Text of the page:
If it’s not a ‘Hell Yes’, it should be a ‘No”!

If you’ve ever struggled with saying no to someone or something, then read How to Find Your ‘No’ So You Can Start Saying ‘Yes!’ to What Actually Matters. Moral of the story: if it’s not a ‘Hell Yes’, it should be a ‘No’!

Saying ‘No’ is hard for me. If I see potential for something to make an impact I want to do it. I also don’t want to miss out on meeting new people or having fun with existing relationships. FOMO (fear of missing out) is so real!

The problem is, when I keep saying ‘Yes’ to people and new projects, I end up putting myself last. Particularly in the sleep, exercise and eating right categories. And then I feel bad about myself, and feel like I racing to keep up.

Enough. I’m making some chchchchanges!

Changes I’m making at work:

  • Maker mornings, manager afternoons.
  • Working from home one day a week to crank.
  • On Sunday, map weekly priorities and top of mind tasks. Print it off and if I haven’t checked off most of the Has to Get Done items by Thursday, something is wrong.

Changes I’m making at home:

  • Recommitting to prioritizing sleep, daily exercise, and healthy eating.
  • Extra weekend time to for food prep, sleep catch-up, and fun.

What will you say ‘No’ to in order to make room to say ‘Yes’ to what matters to you most?

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Take Conversations Past “So, What’s New With You”

Big family and friend gatherings are often filled with a lot of small talk. It’s a lot easier to ask the most basic of questions so most of us end up asking the same default questions like “so, what’s new with you?”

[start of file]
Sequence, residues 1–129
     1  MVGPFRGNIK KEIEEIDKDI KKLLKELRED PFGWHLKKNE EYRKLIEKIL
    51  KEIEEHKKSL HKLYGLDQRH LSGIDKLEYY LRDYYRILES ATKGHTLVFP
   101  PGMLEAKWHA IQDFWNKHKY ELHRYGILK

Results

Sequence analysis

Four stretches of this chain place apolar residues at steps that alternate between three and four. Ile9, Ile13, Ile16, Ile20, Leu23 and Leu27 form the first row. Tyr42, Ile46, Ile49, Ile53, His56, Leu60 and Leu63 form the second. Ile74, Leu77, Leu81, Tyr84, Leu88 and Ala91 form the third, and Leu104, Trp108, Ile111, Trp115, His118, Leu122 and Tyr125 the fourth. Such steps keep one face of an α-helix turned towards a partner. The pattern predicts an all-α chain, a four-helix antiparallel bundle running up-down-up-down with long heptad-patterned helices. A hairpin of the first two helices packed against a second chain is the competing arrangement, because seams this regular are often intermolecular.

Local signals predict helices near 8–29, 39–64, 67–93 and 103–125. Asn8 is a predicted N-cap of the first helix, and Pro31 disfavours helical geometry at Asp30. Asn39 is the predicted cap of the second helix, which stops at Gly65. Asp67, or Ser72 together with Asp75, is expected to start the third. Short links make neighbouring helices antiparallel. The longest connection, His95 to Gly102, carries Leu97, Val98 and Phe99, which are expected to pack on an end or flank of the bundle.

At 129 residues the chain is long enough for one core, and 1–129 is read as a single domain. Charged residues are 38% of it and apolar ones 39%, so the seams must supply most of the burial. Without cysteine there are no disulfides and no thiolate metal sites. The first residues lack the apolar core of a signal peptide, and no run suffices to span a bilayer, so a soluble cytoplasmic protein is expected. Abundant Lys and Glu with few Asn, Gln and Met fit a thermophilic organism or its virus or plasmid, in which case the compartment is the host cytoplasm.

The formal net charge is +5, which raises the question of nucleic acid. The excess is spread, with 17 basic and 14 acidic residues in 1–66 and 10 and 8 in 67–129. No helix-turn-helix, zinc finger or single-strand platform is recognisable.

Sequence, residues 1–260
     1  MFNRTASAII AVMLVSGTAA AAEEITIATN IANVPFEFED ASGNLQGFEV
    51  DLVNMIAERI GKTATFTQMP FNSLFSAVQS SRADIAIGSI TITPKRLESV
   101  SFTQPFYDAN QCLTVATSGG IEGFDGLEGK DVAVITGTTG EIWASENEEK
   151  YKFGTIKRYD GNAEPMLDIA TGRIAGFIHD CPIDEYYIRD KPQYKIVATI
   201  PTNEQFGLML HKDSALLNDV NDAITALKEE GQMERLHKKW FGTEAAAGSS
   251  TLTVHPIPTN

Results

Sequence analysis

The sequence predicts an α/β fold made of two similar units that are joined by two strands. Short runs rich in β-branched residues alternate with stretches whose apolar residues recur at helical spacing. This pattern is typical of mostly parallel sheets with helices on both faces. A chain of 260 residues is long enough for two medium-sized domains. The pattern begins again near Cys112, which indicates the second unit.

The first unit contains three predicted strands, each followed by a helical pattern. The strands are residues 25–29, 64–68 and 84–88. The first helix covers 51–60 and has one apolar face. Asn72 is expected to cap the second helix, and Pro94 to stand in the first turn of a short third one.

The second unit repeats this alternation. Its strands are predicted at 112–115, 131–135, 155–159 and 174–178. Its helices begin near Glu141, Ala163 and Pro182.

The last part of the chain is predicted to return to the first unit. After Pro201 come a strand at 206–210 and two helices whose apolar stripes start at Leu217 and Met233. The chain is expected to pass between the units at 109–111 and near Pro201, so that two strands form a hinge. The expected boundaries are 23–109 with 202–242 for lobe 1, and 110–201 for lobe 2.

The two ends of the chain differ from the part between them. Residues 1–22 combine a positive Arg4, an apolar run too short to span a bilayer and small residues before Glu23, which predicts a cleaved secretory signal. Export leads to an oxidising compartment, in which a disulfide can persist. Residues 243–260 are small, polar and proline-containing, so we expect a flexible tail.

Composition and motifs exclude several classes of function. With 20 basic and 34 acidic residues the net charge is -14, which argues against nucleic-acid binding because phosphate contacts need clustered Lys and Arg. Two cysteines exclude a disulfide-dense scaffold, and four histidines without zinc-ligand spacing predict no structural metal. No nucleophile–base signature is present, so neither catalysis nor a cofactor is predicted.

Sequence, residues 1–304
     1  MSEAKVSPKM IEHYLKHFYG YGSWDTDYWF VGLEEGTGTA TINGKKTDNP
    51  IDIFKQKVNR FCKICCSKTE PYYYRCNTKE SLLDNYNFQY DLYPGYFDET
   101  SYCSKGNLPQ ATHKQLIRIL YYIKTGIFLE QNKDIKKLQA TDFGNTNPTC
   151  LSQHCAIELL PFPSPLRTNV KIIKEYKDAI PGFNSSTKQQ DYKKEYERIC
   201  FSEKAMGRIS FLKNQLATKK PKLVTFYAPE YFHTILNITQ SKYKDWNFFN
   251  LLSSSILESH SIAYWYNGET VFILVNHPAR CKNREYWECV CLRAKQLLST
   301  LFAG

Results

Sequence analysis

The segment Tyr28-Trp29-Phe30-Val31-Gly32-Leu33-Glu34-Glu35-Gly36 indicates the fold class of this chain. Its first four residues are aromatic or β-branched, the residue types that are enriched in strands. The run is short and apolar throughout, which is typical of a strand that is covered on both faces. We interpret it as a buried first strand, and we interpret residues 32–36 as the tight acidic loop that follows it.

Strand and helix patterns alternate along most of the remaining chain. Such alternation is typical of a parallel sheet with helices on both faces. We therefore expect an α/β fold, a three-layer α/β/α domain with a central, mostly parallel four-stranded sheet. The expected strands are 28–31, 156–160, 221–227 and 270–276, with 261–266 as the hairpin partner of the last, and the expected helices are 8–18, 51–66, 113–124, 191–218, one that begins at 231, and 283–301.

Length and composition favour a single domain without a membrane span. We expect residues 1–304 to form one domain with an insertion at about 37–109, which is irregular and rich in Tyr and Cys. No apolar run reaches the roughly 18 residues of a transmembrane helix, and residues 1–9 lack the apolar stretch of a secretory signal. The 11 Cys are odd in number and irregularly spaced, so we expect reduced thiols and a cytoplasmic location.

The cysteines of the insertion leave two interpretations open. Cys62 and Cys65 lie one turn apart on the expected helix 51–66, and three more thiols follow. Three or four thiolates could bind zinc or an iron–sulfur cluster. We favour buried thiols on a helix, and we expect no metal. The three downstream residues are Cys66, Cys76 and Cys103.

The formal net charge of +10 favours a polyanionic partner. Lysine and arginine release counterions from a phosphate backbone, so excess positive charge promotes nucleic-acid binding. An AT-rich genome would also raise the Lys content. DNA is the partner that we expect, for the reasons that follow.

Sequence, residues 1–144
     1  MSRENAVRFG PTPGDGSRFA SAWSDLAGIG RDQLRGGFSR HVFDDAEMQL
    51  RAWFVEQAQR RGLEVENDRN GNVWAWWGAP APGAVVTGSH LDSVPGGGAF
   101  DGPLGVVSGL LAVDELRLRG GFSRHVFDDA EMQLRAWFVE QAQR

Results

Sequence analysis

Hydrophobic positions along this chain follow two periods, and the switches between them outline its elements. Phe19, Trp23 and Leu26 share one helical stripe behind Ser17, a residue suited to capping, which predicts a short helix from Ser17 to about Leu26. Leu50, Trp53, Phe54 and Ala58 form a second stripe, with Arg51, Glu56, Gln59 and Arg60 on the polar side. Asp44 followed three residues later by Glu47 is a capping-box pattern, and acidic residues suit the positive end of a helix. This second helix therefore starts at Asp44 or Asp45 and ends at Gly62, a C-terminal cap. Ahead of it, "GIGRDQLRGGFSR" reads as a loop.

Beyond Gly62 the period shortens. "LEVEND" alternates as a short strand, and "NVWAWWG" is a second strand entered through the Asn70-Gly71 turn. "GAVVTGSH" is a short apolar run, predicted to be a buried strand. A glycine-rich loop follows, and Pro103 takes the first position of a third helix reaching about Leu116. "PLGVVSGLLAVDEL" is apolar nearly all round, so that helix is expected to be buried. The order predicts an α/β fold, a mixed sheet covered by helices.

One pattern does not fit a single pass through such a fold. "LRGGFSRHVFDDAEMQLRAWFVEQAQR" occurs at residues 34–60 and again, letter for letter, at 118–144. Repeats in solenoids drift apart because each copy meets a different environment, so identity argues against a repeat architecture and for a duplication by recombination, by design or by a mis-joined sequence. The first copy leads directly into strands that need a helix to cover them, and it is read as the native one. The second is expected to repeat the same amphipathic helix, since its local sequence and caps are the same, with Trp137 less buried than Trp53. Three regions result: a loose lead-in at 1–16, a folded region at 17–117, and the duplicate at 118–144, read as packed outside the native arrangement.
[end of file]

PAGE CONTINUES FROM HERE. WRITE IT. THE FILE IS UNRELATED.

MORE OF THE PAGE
Thanksgiving can also be a great time for reflection. Reflection about what we’re grateful for and a great time to connect with those we love at a more intimate level.

How can you take the conversation past the weather? For me it helps to think of some interesting questions ahead of time.

Here are some questions I’ll have in my back pocket:

  • What are two things you’re grateful for?
  • Who is a person you’ve met this year who’s had a big impact on you?
  • What’s one of your favorite holiday memories?
  • If you could travel anywhere in the world for a month, where would you go and why?
  • What’s a habit you’ve building or changing?
  • What’s a book you’ve read and loved?

Asking a good question is just the beginning. We must also bring an inquisitive mind, genuine interest, and empathy in order to spark rich conversation. This then leads to deeper connections and helps us expand our worldview.

I’ve found that these questions aren’t just for adults. I’m always pleasantly surprised at the answers from the youngest family members.

What other questions help you inspire rich conversations?

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Make Time for Peer Networking

When was the last time you met with your peers outside of your own company?

It’s really easy to get trapped in the company bubble, and divide life into work and outside of work. I find it hugely valuable to meet with peers or colleagues who are either at similar stage companies (yes I work at a start-up) or at a slightly bigger or more funded company.